Now that everyone is home from RWA, and we've celebrated the 4th of July with lots of food and fireworks, it's time to put our noses to the grindstone. I've mentioned how I love notebooks. I plot in them, make notes in them, have them here and there and everywhere, so obviously being my undisplined self, I forget which notebook holds what. I was going through a stack of them the other day while looking for notes I may have misplaced on book three. I found a gold mine.
Not notes on book three, but writing tips I've jotted down. I wish I knew who to attribute them to. Some may have come from a workshop I took by Debra Dixon, some from other writers, and some from me, things I've picked up over the years. But it was so nice to run across them. We all know these tips, but no matter how long we've been writing, it always pays to stop and look at the basics. So I'm posting ten tips here and hope it inspires you the way it did me. This is Part One. I'll follow with more next week.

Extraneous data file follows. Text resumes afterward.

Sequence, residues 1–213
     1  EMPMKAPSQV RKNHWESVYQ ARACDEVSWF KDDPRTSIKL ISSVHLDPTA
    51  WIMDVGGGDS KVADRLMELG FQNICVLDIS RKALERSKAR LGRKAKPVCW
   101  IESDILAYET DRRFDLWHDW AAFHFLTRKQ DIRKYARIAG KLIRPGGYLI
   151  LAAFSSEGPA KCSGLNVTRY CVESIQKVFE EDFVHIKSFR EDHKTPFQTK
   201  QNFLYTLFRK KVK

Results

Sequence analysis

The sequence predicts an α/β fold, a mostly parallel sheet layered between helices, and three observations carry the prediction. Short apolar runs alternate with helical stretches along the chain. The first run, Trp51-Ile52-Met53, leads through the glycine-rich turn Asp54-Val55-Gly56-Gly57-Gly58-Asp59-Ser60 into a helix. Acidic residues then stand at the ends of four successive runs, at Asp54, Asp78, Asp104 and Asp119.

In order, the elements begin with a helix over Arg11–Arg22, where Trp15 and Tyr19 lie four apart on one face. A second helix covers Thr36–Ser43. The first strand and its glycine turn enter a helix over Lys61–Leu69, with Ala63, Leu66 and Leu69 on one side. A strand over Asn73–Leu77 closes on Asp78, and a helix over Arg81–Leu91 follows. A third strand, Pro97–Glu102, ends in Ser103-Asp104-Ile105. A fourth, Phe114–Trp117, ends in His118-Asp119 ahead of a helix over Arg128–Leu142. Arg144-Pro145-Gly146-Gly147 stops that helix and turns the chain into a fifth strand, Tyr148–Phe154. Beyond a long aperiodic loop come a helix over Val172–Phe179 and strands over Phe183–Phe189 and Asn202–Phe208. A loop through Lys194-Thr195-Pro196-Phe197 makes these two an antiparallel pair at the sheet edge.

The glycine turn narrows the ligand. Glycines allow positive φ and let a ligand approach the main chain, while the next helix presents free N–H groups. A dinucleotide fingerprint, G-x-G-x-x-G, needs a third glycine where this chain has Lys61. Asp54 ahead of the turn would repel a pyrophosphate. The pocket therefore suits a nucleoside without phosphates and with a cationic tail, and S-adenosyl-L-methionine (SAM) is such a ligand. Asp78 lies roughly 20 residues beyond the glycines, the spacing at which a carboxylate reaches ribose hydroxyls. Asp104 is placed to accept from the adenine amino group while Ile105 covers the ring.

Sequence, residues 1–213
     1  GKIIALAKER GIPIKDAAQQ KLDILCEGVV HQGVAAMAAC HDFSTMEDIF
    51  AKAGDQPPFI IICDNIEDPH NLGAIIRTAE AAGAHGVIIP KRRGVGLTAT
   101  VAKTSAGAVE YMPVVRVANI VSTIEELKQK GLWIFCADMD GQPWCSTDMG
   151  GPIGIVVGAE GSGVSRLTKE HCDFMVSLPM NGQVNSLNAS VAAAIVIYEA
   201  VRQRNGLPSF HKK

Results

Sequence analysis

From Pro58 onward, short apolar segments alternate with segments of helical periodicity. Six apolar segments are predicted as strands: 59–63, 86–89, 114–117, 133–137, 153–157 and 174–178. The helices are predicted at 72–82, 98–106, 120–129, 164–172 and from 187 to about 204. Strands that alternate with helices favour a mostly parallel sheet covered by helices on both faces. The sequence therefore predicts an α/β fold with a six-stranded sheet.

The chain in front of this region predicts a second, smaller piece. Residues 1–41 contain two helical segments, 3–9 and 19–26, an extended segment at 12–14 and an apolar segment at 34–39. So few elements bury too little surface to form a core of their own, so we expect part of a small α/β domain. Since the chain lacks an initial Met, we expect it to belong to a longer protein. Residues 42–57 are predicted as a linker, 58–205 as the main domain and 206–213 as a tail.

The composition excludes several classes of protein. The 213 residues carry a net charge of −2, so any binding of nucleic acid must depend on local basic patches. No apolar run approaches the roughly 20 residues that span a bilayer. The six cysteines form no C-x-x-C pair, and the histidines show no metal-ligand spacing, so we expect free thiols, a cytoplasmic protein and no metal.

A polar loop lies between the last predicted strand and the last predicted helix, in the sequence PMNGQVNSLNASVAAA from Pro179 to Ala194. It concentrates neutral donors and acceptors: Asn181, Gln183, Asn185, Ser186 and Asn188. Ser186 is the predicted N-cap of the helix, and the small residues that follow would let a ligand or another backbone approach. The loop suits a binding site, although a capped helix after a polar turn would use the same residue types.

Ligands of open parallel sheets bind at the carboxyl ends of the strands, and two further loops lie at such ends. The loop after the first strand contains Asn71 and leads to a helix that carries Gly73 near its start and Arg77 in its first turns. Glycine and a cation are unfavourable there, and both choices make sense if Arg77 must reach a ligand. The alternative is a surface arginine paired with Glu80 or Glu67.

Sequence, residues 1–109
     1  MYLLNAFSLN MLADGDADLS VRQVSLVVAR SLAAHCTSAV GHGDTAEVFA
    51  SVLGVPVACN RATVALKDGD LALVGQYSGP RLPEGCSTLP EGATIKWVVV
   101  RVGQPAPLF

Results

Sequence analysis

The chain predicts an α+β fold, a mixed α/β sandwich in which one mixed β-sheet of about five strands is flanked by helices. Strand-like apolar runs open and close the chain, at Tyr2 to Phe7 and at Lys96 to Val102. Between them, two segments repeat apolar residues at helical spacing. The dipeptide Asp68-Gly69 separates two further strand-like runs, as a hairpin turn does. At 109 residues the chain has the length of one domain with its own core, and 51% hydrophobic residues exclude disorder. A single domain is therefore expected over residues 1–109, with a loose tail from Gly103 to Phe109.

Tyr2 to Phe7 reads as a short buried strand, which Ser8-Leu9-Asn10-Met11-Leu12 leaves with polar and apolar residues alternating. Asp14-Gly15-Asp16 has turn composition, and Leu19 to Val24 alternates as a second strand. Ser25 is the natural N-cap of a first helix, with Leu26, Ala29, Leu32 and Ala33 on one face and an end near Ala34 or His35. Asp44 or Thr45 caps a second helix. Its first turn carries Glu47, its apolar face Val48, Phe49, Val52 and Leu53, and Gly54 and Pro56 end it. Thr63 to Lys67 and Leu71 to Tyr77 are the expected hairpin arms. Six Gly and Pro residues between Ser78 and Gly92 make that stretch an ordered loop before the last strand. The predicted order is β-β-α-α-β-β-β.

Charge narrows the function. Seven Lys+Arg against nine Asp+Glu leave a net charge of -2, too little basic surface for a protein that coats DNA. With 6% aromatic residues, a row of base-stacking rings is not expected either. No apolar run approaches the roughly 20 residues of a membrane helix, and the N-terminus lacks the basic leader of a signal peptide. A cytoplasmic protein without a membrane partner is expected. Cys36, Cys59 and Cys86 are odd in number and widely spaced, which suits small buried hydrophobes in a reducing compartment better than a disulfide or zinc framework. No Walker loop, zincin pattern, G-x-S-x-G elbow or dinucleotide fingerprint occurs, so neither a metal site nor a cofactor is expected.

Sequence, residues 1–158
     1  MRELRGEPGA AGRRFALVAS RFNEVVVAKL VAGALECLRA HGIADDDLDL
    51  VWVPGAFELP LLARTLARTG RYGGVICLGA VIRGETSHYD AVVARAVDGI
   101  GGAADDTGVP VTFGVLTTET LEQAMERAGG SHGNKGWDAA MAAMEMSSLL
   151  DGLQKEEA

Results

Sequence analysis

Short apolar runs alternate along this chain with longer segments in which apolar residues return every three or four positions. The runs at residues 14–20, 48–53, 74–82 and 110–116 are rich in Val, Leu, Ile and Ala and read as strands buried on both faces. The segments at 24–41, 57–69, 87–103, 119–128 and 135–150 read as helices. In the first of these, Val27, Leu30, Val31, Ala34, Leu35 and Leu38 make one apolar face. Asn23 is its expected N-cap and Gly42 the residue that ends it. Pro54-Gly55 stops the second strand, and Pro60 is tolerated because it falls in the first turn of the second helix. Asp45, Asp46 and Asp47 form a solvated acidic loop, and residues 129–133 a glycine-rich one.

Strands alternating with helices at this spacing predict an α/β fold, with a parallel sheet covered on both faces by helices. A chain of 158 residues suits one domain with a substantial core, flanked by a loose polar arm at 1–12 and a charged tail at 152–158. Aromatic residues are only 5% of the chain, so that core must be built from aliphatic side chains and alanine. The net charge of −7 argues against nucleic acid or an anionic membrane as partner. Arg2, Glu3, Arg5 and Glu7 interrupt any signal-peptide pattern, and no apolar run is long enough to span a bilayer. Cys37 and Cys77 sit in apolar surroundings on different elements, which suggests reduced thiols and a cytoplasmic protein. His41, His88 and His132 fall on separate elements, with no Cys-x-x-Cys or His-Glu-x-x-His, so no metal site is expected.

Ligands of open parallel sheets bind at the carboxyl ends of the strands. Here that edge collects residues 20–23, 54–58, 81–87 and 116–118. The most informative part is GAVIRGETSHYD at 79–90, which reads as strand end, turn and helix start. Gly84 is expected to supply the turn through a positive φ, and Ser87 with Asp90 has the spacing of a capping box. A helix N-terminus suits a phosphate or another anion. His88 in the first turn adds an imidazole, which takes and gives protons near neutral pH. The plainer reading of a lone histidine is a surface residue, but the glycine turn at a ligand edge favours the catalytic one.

1. RUE: Resist the urge to explain everything. Less is more.
2. Allow readers to get to know your characters gradually. It's much more interesting.
3. Don't reveal too much too soon. Keep readers guessing.
4. Give readers only as much backstory as they need at that given time. Describing every detail limits readers imaginations.
5. Develop characters through dialog and action. It gives them dimension so they aren't cardboard cutouts.
6. Don't go overboard on emotions, especially ones you've already shown, or they'll lose their power.
7. Use setting carefully. It's powerful and can really solidify the atmosphere, but too much and you risk losing the reader.
8. Avoid cliches, unless it's the character speaking and it fits her or his personality.
9. Use strong verbs and watch the "ly" words. It's better to use a strong verb than one weak verb and one adverb.
10. Show don't tell. This is a basic but biggie that we all know, but it's easy to slip back into.